|FROM THE EDITOR||March 1999|
It’s 1999: So how do people learn about science? If you go by sheer numbers, television is the hands-down winner. What’s on? Well, we have some reasonable choices — Nova, Nature, National Geographic specials, and Bill Nye, the Science Guy. The science presented is generally mainstream, well-documented, and fun. Although aimed at the novice, these programs are enjoyable for professional scientists, too, especially when they can view research in other fields.
Another way to learn about Earth is to visit natural history museums. Museum displays are well-documented, engrossing, and — with the introduction of multimedia computers — engaging as well. The “new” norm of hands-on displays, created to teach not only documented scientific facts but also the scientific method, puts smiles on the faces of all who experience them. Museums around the world are learning how to compete with TV. By highlighting the entertainment aspects of science, they help demystify it and make it more accessible. As we move into the next century, there are many opportunities to present “real science” to all who are interested. However, it wasn’t always that way.
Go back to 1850. How did people learn about science then? Museums were key, although most people probably saw them just as collections of curiosities, all organized into Linnaean classifications. The museum directors and researchers of the day also held their specimens and scientific method in high regard and strove to keep their collections scientifically sound. I would bet that only a small portion of the public, unfortunately, spent significant time in those hallowed halls of learning.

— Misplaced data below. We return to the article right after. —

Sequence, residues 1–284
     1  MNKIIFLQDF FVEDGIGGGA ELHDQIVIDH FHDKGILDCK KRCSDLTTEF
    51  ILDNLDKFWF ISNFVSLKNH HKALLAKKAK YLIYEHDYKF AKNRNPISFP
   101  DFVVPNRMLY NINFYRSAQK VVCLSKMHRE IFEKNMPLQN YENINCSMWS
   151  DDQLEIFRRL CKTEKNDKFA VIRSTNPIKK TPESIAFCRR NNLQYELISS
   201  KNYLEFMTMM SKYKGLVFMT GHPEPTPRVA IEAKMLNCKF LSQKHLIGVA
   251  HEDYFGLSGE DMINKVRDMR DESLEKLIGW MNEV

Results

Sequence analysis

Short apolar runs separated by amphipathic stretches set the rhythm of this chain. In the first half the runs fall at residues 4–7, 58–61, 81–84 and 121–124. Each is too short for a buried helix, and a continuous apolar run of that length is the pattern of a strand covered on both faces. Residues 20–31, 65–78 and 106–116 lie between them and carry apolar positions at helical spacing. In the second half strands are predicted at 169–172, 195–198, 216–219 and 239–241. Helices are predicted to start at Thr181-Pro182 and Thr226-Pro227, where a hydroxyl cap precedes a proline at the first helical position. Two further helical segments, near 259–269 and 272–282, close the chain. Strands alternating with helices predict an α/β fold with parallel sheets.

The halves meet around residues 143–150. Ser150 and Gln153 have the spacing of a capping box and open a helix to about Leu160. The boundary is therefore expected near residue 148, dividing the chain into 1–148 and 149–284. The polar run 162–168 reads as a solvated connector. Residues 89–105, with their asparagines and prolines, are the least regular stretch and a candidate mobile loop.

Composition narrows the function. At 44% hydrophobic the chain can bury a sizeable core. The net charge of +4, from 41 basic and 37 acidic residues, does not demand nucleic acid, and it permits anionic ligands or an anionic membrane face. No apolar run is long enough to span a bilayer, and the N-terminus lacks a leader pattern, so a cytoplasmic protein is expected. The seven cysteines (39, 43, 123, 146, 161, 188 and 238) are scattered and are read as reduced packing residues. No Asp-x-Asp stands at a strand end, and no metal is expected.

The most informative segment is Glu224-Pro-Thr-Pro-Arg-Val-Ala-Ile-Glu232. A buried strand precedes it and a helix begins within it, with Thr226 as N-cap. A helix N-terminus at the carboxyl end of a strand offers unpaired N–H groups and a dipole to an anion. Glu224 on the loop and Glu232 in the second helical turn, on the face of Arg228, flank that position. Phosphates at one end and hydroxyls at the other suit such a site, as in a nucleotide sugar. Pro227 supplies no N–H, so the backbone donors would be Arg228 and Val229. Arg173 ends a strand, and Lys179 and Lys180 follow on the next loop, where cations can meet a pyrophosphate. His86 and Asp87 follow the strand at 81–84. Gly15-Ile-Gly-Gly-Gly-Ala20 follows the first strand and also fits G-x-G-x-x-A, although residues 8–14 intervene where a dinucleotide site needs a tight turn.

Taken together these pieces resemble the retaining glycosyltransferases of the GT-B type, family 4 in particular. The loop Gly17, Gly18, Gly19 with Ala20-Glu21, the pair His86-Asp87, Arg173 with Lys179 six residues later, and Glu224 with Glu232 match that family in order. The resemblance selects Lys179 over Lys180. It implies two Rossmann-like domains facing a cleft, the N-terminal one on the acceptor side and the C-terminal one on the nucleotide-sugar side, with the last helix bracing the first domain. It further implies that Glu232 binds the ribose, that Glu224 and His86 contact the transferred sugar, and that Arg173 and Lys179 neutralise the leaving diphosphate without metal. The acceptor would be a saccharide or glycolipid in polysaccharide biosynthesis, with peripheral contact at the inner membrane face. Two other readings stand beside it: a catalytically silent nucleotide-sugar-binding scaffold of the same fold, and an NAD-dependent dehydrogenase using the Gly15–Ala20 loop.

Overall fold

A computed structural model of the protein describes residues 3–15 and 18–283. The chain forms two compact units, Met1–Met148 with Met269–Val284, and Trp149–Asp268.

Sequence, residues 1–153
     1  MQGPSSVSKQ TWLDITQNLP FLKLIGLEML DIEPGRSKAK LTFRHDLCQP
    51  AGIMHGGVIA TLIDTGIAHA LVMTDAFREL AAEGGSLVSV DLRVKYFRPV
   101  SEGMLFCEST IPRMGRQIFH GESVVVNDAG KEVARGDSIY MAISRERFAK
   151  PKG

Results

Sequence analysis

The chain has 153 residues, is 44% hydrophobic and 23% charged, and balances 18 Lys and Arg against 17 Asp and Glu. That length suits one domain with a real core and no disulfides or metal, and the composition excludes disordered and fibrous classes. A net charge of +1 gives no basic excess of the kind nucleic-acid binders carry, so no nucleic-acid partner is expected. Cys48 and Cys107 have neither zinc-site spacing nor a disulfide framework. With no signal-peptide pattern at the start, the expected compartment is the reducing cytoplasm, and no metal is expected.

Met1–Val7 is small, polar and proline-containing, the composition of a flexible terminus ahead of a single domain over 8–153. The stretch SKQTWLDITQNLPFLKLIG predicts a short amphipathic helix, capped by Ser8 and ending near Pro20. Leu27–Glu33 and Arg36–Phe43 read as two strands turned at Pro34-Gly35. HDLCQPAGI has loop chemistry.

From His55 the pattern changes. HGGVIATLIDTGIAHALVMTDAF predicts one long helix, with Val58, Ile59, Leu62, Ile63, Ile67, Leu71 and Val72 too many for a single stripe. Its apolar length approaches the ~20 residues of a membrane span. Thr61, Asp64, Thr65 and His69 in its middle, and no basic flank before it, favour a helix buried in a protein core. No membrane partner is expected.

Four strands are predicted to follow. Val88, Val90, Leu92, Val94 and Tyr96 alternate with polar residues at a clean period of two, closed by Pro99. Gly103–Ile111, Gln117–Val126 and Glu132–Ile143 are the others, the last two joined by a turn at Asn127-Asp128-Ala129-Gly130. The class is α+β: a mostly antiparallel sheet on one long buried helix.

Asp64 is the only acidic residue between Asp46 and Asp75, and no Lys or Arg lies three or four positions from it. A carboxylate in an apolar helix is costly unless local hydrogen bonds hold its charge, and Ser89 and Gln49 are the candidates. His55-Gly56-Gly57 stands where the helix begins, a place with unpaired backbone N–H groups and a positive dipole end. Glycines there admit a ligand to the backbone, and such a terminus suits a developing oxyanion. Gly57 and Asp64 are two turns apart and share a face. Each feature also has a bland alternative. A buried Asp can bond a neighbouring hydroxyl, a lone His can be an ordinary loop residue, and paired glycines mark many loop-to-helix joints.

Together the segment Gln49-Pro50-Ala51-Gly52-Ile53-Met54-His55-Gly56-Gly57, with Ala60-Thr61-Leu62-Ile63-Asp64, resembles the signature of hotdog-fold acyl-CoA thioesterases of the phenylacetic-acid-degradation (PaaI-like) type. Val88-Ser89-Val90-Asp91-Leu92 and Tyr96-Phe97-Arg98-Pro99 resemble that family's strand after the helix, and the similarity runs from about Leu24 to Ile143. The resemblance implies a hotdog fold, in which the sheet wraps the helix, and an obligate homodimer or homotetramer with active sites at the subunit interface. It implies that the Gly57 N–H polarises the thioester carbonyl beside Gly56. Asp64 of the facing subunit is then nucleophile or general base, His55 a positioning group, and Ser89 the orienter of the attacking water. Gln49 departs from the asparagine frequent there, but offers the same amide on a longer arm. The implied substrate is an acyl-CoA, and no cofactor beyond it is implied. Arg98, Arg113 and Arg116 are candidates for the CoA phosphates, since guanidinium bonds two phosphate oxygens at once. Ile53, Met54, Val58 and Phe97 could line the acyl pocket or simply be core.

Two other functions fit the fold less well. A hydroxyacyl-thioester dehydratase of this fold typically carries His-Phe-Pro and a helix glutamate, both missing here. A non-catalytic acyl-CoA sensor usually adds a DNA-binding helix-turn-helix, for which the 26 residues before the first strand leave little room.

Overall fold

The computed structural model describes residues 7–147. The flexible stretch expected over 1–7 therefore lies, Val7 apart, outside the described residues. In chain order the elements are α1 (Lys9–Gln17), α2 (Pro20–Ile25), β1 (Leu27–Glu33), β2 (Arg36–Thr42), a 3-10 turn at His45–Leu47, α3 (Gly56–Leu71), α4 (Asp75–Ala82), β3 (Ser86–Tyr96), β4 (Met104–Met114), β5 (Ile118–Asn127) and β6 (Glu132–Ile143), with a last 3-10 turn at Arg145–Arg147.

But just as science is now brought to us via TV, science was brought to our ancestors by a few enterprising characters who recognized the lucrative possibilities of taking their curiosities on the road. These itinerant showmen set up displays in both small towns and big cities, entertaining and “educating” a public fascinated by the wonders of nature. These animated lecturers and their traveling exhibits were, in most cases, the only brush with science that people had. But many presentations offered more show than substance.
In this issue, Robert Dott Jr. (University of Wisconsin) and William Jordan (Millersville University) introduce us to just such a character — Albert C. Koch, one of the 19th century’s peripatetic purveyors of paleontology. Known in the United States and Great Britain as an industrious fossil collector, he was the promoter of the “Hydrarchos,” a monster of Biblical proportions. In “Dr. Koch’s Horrendous Hydrarchos,” Dott and Jordan describe the interest and controversy created by “Doctor” Koch in the public and geologic circles of the day. Koch appears to have been more conscientious than most of his lot, but he certainly recognized that a little exaggeration did wonders for box-office receipts.
We conclude our two-part series on the Late Paleocene Thermal Maximum — “The Day the Sea Stood Still” — in this issue. Last month, Tom Yulsman (University of Colorado) wrote of the research on Paleocene foraminifera from the Caribbean that documented a period of climatic “bedlam.” Now, Yulsman describes the evidence for weakened oceanic circulation, increased volcanic activity, and geochemical suggestions for a large source of methane, all of which contributed to the devastation of deep-sea marine life near the end of the Paleocene.
We also hear from Andrew Miall (University of Toronto), who makes a
case for writing books in his “Comment.” “Core Studies” guest contributor,
Luli Stern (American Association for the Advancement of Science), describes
how teachers are currently evaluating earth-science curriculum materials,
and “Industry Watch” columnist, Rich Migues (Bechtel Corporation), tells
us of recent trends in engineering and environmental geology.
Victor V. van Beuren